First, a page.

The emission temperature is unchanged, but the emission altitude has increased. The emitting surface area has therefore increased, and the total OLR has increased.

ATTP posted on this here

The key passage is

Now, if you change the CO2 concentration from 400ppm to 800ppm, the outgoing flux drops to 255.75 Wm-2, equivalent to a blackbody with a temperature of 259.1 K. If the system was in equilibrium at a CO2 concentration of 400ppm, it would now be emitting less energy per square metre per second than it receives. To retain equilibrium, it must warm. Again using MODTRAN, this requires increasing the surface temperature by 0.9K (here I’m considering only the influence of changing CO2 concentrations, and am not considering feedbacks). Since the temperature gradient in the troposphere is – to a large extent – set by convection, this means that if the surface warms by 0.9K, the temperature at all altitudes in the troposphere must increase by 0.9K (in this example I’ve, again, ignored water vapour feedback). Hence, once the system returns to equilibrium, the effective temperature will again be 259.9K, but this will now be at a higher altitude than when the CO2 concentration was 400ppm. Therefore, a significant fraction of the outgoing emission will come from higher in the atmosphere when the CO2 concentration is 800ppm, than when it is 400ppm.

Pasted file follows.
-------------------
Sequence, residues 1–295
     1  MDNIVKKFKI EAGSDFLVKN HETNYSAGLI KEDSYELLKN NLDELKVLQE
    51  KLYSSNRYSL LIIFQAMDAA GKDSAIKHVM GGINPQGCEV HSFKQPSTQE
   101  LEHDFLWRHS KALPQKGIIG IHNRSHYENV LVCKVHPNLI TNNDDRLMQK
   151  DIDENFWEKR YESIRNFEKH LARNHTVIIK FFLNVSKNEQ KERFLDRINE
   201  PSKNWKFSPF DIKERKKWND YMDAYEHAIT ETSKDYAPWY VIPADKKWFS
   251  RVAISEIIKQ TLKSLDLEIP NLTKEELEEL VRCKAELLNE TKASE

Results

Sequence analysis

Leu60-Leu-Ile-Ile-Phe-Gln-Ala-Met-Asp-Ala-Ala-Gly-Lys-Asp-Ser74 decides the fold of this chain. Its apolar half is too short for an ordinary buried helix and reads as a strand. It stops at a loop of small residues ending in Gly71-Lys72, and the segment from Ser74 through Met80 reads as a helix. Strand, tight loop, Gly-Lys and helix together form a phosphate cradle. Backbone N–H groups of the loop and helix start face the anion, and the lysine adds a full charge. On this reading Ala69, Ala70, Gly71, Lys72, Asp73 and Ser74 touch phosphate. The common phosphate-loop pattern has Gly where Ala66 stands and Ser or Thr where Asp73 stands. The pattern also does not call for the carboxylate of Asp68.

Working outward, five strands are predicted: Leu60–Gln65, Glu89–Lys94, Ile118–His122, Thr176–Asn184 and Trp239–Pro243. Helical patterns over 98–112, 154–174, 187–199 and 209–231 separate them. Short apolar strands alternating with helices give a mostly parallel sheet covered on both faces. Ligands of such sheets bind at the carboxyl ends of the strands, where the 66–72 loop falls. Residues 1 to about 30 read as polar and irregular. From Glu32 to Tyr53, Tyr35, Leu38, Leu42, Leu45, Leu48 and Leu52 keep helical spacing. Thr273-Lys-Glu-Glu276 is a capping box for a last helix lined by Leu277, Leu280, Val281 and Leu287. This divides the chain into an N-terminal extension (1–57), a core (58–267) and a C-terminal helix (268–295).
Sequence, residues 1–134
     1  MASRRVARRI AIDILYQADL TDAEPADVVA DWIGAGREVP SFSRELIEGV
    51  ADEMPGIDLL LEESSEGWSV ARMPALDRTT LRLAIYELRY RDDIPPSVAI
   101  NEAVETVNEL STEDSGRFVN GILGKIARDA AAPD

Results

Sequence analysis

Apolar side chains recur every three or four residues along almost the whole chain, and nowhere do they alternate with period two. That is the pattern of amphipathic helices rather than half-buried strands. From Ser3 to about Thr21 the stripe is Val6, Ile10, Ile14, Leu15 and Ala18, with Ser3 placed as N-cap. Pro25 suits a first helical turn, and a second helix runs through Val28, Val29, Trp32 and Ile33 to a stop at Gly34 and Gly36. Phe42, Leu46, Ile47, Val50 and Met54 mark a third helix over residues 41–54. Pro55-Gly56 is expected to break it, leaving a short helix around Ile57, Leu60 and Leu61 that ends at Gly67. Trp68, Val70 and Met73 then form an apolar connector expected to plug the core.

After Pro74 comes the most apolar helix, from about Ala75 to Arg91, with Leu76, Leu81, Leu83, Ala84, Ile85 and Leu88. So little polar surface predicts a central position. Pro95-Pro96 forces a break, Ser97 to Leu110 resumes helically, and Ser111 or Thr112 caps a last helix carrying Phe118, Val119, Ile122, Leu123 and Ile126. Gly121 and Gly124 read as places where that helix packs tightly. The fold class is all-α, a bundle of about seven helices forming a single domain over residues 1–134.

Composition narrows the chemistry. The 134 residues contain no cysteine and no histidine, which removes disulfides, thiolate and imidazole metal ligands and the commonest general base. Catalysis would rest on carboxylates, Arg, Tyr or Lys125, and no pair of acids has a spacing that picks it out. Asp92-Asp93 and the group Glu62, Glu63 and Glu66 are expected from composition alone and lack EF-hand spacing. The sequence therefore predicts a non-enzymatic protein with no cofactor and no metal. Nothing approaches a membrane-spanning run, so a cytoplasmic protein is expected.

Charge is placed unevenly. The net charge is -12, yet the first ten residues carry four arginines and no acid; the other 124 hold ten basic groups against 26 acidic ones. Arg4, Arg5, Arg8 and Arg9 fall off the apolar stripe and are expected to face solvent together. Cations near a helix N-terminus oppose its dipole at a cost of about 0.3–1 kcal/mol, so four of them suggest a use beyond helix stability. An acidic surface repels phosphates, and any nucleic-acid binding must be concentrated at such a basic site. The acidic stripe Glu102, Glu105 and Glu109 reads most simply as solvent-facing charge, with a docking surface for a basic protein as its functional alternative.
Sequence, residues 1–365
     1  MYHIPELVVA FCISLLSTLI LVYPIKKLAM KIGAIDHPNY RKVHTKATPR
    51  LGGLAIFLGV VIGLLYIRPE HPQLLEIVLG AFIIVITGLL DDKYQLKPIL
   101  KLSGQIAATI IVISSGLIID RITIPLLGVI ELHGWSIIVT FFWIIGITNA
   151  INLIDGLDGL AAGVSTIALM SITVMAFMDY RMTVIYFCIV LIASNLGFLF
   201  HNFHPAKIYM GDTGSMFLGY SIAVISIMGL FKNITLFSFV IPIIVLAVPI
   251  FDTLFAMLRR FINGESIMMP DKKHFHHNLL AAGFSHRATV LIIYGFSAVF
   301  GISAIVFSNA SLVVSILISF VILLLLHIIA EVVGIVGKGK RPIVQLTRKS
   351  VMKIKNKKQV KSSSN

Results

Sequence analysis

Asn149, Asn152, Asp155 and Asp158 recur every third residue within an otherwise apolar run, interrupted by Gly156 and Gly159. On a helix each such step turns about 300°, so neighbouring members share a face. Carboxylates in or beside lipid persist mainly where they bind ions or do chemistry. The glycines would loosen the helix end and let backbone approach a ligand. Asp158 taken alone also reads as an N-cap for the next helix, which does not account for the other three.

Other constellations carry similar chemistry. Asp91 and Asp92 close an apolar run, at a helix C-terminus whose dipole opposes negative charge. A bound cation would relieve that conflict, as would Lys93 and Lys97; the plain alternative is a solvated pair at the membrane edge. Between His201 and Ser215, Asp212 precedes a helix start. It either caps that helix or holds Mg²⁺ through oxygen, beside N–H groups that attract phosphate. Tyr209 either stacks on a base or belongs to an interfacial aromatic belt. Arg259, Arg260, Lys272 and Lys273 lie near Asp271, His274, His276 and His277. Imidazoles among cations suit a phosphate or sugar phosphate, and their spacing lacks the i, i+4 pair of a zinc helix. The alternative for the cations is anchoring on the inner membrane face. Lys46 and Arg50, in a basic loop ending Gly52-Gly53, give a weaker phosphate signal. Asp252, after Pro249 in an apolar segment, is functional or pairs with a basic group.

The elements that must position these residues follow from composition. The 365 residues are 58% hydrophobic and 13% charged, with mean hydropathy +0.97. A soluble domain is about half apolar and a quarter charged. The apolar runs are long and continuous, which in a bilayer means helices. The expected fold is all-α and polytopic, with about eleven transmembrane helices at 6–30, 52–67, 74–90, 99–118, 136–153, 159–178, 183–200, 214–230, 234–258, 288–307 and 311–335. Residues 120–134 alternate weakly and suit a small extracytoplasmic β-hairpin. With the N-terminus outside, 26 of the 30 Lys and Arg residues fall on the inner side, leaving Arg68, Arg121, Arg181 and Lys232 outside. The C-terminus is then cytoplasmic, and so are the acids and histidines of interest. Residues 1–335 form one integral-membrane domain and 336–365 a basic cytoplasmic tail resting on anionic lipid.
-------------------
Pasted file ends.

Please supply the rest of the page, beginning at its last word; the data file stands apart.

May 18, 2016 at 12:23 PM | Unregistered CommenterEntropic man

golf Charlie, not amusing at all, it's sad. I wonder how you achieve a Distinguished Professor status? (I'm sure you are capable of suggesting something). Penn State must have head-hunted him for his prestige value (vomit) and for his ability to attract large streams of research monies. Isn't it a pity that he wasn't head-hunted by Papua New Guinea? (Too strong perhaps? Verging on trolldom? I have to be so careful these days.)

May 18, 2016 at 1:00 PM | Unregistered CommenterAlan Kendall

EM, the key word is "if". Twice in the first 2 lines.

IF only computer generated climate science was more realistic, it might have some relevance.

May 18, 2016 at 2:49 PM | Unregistered Commentergolf charlie

Entropic man, you say: